Social Media blocked in Ethiopia

Digital Paradox

Almost every part of everyday life involves the Internet. In many parts of the World, internet connections have gone from being a luxury to a necessity. The COVID pandemic has brought into clear view the necessity of being linked to the outside Internet for survival and general sanity. 

Digital transformation has been a significant agenda item for the government, with the Prime Minister Abiy Ahmed taking a personal interest in the matter. The Internet was a necessity to disseminate and access information and follow up business activities such as upkeeping of supply chains and e-commerce, remote banking, or the ability to contact friends and family. Ironically, the Prosperity regime is also suffocating access to the Internet to limit the use of social media, which it accuses of fueling political tensions in the country. In this article, EBR’s Eden Teshome assesses the paradox of digital aspiration and the limited Internet access on which digital services heavily depend.

In Ethiopia, the vast majority of the people need access to information of their choice. Underdevelopment of the Media and low level of urbanisation are two significant causes for this. The advent of social media is changing that in a way. However, in recent times, many people have been unable to log into their social networks, such as Facebook, Tik Tok, Telegram, and YouTube, for months. These platforms have since become essential tools for the media to communicate information, for people to stay in touch with friends and family, and for businesses to promote their goods and services.

Although Ethiopia’s IT sector has recently expanded, and the Ethiopian government has implemented ambitious strategies to digitise its economy, internet freedom must improve for investment and innovation to flourish. Accessing the tools and resources they need to expand their enterprises are extremely difficult for local business owners. Foreign investors are hesitant to invest in a country where internet access is unreliable and has the risk of being arbitrarily discontinued for a while.

Bethlehem Wodajo graduated from Unity University in 2019 with a degree in marketing. She established an online business after graduating with the gift money her family and friends gave her at her graduation.

“I have a brother who lives in the US, so whenever he comes by to visit, he usually brings me perfume, chocolates, and clothing,” Bethlehem told EBR. “So I created a Telegram channel and started posting the items and selling them without renting a shop.”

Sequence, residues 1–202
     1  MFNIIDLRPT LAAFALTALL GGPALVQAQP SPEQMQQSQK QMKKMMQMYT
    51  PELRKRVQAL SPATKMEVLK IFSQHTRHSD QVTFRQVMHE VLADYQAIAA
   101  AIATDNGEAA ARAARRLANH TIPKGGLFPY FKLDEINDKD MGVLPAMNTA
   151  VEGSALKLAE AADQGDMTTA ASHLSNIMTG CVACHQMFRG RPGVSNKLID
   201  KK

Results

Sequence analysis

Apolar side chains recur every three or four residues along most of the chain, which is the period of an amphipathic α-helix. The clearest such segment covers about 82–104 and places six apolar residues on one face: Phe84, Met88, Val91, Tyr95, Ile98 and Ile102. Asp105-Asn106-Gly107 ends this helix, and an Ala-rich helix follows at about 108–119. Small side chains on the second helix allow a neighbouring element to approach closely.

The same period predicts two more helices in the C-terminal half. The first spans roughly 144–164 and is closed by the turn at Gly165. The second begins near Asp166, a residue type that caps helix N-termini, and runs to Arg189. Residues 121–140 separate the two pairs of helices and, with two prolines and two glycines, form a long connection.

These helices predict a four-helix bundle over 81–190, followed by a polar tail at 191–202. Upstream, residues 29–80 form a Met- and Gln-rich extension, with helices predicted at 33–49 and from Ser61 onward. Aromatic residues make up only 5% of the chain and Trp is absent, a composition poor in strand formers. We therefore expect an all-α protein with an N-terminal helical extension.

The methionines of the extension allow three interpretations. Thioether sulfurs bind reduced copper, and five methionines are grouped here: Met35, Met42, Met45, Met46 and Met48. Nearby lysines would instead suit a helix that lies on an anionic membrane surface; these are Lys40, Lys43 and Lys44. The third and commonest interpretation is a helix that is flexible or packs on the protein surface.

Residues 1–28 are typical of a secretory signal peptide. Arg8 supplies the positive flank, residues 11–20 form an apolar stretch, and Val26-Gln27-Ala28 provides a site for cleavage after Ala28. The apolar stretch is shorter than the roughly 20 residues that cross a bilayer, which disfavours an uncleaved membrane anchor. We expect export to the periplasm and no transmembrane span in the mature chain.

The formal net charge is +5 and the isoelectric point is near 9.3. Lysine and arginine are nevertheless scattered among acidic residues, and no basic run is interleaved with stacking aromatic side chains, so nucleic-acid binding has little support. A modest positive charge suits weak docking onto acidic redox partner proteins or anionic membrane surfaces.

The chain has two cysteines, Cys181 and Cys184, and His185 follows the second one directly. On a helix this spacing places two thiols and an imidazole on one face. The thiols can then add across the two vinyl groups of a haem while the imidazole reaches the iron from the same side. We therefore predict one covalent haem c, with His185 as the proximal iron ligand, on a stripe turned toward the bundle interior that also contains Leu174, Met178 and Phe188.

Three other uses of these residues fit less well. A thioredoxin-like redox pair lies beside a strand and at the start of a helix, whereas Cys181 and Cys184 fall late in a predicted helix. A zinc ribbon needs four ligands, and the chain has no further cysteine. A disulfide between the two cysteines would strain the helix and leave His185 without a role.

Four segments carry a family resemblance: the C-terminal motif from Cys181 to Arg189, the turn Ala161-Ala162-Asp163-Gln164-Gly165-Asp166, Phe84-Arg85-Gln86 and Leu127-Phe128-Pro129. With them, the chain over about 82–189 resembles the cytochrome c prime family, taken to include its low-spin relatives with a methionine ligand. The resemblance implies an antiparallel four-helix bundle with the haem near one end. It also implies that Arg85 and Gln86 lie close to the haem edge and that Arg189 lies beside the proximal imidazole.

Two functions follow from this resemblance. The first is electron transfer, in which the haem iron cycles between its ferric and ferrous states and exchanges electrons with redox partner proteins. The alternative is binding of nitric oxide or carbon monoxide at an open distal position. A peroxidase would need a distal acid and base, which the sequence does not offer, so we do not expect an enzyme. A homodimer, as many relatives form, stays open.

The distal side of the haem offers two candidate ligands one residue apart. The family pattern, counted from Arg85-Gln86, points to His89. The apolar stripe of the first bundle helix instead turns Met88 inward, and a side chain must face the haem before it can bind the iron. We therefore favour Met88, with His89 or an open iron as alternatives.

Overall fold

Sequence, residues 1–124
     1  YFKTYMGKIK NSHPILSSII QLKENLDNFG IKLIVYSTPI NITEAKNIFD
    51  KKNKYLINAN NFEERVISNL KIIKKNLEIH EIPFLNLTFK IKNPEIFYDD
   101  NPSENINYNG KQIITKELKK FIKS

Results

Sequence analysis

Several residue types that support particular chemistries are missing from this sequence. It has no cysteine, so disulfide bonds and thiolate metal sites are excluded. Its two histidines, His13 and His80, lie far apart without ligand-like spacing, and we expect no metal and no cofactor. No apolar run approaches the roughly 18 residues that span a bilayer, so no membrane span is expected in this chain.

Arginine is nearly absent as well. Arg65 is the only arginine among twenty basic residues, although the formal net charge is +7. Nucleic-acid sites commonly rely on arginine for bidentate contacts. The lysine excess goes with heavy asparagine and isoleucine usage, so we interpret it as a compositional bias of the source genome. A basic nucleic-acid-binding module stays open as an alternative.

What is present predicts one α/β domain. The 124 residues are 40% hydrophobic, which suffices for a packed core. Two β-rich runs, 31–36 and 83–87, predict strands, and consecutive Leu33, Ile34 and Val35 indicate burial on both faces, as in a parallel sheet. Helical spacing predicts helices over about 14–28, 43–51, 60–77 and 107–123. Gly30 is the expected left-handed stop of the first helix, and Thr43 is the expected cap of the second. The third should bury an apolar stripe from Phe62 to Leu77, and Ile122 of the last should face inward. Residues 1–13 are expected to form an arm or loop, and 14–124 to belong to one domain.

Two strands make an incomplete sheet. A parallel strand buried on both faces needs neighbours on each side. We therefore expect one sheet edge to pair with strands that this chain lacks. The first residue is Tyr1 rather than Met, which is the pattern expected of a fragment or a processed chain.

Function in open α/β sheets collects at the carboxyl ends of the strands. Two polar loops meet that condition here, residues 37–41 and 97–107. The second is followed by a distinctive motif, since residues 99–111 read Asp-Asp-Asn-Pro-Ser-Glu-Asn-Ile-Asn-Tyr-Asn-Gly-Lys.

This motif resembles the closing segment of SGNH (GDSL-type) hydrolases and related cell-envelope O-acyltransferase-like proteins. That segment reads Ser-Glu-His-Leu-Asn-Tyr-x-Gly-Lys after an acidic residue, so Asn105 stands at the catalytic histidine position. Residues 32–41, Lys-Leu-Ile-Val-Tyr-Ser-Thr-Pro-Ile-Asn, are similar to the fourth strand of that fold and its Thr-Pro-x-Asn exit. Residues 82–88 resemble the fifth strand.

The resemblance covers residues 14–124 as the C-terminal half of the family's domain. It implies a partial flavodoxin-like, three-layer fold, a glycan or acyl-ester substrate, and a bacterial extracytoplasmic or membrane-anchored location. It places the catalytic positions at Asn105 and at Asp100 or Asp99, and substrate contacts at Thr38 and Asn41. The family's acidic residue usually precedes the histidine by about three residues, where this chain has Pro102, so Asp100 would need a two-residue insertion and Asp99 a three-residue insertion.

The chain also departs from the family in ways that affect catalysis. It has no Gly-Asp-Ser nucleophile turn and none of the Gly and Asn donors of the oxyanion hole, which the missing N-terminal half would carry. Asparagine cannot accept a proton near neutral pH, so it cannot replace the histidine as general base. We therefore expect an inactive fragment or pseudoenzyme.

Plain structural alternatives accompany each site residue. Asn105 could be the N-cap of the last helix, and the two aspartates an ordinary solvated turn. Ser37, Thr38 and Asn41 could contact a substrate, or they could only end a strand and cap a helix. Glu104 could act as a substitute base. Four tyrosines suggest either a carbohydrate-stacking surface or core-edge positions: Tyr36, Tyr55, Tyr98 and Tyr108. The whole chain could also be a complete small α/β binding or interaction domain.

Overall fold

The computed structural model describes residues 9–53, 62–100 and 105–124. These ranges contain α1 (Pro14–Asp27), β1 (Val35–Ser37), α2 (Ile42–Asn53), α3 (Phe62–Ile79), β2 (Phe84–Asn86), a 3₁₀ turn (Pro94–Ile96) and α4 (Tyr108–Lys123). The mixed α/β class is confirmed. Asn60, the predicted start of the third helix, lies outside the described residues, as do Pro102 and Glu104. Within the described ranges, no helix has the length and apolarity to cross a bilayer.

After a while, she started receiving orders from Shine.com, H&M, and Zara, and business was booming. She even started sending products outside Addis Ababa because she is getting orders from several other towns. However, recently, because of internet censorship, she can only access Telegram using a Virtual Private Network (VPN), which impacts my customers’ online activity as some have switched to WhatsApp and do not use Telegram as frequently as they used to.

“There has been a decrease in sales due to the goods I upload receiving fewer views and fewer interactions with my customers,” she complains.

She has to wait patiently for the day when internet access will be as unrestricted as it once was, but in the meantime, she only takes pre-orders from a few of her clients.

Ethiopia’s economy endured a loss of USD 145.8 million in 2022 for intermittent connectivity and internet blockage. The country suffered a USD 100 million loss due to its internet shutdown in 2020. After that, 21.3 million customers were affected by the USD164.5 million in 2021. According to estimates, more than a million people have been directly impacted, placing Ethiopia in the same list where countries such as Russia, Iran, and Myanmar are categorised.

It is not the first time Ethiopian authorities have shut down the Internet entirely or restricted access to several websites and services. They are not acting alone in this, either.

About ten years ago, the government made it a habit of shutting down social media sites by either slowing down the Internet or blocking users out of access. One of the most notable cases occurred in 2016 when the government temporarily shut down the Internet after massive protests in the states of Oromia and Amhara, two of the biggest states in the country. The government accuses Social Media of being a platform for spreading false information that, at times, is used to incite widespread violence.

The economy lost up to USD 123 million due to the shutdown, which prevented firms from operating and caused disruptions to critical services. It had enormous economic effects since businesses needed internet connections to function. The closure also impacted banks, hospitals, and other crucial services resulted in considerable disruption and frustration.

Last year, at least twenty-three countries implemented internet blackouts, shut down social media sites, or used throttling (reducing internet speed to a point where only voice calls and SMS were permitted). The cost to these economies is projected to be USD 24 billion, involving 710 million people and lasting more than 50,000 hours.